Issue #5 is the latest segment of an untitled multi-issue story arc in which Jamie tracks and confronts a criminal organization that traffics in black market bionic body parts. The first half of the issue is very dialogue-oriented, as Jamie has an extended conversation with Nora, a young woman with flame-producing powers. The focus here is Nora's struggle with her guilt over badly burning one of the black market bad guys back in issue #4. The action kicks-in midway through the story, as Jamie and Nora infiltrate the secret black market facility, where they discover a gruesome organ-harvesting operation with partially dismembered victims kept alive for their parts. Naturally, a battle ensues which builds to an end-of-the-issue cliffhanger as one of the baddies tosses Nora off of the building roof.
I really disliked this issue for two reasons. The main flaw here is the manner in which the creative team has updated the Bionic Woman story style from its 1970's television kitchiness to a 2012 version that's bloody, coldly violent and gruesome in its depiction of the story victims. The charm of the original series concept is completely erased and replaced with a gruesome style which is overly violent. Most disturbing is the casual manner in which Jamie Summers now barehandedly kills her opponents. The second negative here is artist Daniel Leister's bizarre decision to draw every woman in this comic book, and I mean every single women in this storyverse, as the drop-dead gorgeous replica of a Playboy centerfold. Its just fanboy nerd creepy when this happens as it does in the occasional comic book, and just seems more geared to a male teen-aged reader's fantasy rather than creating a product even semi-realistic and readable for general fandom.
So bottom line, a thumbs-down negative review recommendation on The Bionic Woman. If you're a fan of the 1970's version of this fiction franchise you'll just be plain depressed at how the current reboot takes all of the original style and fun out of this storyverse and if you're a new fan, you'll find that this series is just a thin replica of so many much better action-adventure series available throughout the new issue shelves at That's Entertainment.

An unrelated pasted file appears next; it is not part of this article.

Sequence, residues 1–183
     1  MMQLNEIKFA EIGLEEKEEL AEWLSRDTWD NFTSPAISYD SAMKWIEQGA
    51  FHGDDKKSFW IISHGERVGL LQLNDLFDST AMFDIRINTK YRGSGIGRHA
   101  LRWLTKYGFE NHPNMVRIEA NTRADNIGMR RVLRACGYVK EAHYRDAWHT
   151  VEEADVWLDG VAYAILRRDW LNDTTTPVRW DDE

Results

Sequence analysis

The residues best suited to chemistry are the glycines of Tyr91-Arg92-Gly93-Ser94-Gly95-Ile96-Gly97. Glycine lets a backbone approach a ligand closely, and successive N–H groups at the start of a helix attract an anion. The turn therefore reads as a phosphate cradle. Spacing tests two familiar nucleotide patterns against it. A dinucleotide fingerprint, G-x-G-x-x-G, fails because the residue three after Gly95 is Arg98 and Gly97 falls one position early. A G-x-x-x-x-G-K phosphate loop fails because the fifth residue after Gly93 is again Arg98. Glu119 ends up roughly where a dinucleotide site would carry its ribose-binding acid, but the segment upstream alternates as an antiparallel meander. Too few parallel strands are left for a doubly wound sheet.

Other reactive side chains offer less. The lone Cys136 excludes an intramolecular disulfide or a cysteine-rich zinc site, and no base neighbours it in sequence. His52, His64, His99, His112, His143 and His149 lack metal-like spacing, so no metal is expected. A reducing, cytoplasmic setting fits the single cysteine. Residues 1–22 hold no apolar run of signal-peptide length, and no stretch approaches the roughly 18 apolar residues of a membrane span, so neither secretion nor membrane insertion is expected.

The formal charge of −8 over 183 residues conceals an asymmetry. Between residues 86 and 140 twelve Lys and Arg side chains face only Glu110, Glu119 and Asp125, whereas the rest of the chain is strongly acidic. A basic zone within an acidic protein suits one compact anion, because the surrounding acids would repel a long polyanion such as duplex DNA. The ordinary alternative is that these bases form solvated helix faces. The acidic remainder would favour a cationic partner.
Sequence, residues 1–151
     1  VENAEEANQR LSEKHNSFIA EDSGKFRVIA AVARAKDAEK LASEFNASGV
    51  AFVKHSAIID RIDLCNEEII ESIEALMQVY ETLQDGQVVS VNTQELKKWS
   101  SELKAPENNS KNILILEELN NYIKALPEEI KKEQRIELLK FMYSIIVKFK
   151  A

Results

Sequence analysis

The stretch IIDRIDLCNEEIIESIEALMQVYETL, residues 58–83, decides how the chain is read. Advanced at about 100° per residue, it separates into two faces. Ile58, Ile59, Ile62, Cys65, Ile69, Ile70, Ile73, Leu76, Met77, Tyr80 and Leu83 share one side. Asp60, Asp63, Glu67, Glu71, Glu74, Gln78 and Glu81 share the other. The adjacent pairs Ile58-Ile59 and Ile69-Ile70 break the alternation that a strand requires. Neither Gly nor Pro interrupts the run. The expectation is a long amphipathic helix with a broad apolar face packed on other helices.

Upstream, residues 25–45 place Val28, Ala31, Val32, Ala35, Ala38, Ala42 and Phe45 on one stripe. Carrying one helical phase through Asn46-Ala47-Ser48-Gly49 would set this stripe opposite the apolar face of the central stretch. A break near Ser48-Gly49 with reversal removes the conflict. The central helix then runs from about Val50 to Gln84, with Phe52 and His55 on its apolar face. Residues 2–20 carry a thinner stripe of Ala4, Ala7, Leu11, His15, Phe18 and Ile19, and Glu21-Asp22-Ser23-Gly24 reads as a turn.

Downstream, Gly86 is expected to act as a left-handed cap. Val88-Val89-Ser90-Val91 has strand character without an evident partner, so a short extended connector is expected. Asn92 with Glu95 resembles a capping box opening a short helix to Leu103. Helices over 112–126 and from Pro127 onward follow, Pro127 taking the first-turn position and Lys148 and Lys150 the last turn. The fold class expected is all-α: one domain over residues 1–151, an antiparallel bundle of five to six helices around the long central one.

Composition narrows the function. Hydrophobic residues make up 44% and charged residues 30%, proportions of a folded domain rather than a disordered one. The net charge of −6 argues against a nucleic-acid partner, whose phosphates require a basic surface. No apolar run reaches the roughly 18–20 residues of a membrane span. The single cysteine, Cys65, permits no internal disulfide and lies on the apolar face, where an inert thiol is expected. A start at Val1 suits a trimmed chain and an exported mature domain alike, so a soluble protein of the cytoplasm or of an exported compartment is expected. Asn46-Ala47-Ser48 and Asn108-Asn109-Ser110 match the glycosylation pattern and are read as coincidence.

Contest Winner Announcement!!!
Our latest contest challenged you to correctly tell us what is the most filmed fiction story of all time. We had only one correct entry this week and our winner is (drumroll, please)...Erin O'Connor, who correctly identifies Dracula as the most filmed story in history! Congratulations to Erin who now has the opportunity (if she so wishes) to use her first prize $10.00 gift certificate to That's Entertainment to buy any Dracula-related stuff available in the store!
New Contest Announcement!!!
Since we're about halfway through the 2012 National Football League (NFL) season, this week's contest offers-up a football trivia question. Your challenge is to e-mail us at Gordon_A@msn.com no later than Wednesday, November 28 with the correct answer to the following question: What NFL team has won the most Superbowls and how many Superbowls have they won? We all know that the Yankees have won the most baseball World Series, but how many of us know which NFL team is the all-time leader in Super Bowl championship wins? As always, in the event of multiple correct answers, our winner of the first prize $10.00 gift certificate to That's Entertainment will be selected via a roll of the dice. Please note that our first prize $10.00 gift certificate to That's Entertainment is redeemable for regular retail merchandise or in-store on-going specials, only.
That's all for now, so have a great Thanksgiving holiday as well as two great comic book reading weeks and see you again on Friday, November 30 Here In Bongo Congo!
Posted by Paul Howley's Story at 1:02 PM